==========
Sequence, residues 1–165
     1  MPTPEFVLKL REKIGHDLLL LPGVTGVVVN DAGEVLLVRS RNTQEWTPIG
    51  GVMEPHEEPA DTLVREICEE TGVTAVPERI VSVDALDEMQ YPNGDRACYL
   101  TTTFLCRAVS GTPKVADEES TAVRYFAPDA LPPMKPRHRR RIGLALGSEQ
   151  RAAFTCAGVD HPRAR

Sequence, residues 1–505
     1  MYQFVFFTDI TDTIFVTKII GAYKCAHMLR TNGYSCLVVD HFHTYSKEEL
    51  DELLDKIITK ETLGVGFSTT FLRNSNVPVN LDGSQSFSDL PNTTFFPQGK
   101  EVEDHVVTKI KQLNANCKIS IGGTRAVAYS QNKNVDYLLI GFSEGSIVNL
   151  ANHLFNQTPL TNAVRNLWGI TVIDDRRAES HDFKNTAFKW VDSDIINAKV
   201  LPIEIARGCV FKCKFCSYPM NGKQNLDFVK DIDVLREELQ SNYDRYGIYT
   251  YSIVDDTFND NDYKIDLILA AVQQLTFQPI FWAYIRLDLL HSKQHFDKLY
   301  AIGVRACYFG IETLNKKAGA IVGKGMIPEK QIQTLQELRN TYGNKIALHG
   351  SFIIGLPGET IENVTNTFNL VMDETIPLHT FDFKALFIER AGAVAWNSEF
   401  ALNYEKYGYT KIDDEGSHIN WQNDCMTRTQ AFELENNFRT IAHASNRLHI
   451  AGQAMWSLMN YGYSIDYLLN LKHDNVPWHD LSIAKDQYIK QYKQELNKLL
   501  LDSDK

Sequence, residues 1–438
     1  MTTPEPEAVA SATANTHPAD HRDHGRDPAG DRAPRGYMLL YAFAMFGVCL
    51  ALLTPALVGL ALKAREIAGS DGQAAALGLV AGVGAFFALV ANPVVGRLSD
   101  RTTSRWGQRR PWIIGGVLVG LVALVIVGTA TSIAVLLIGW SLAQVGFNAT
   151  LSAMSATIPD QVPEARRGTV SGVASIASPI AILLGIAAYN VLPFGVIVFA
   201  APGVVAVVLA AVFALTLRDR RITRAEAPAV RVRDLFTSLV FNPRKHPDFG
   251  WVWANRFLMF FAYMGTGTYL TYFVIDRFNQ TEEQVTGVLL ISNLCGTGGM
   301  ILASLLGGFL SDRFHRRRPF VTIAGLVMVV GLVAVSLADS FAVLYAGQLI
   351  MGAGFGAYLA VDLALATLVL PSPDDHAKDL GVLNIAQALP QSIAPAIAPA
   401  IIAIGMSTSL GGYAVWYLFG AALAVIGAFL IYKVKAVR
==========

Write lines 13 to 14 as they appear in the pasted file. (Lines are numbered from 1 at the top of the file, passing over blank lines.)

   301  AIGVRACYFG IETLNKKAGA IVGKGMIPEK QIQTLQELRN TYGNKIALHG
   351  SFIIGLPGET IENVTNTFNL VMDETIPLHT FDFKALFIER AGAVAWNSEF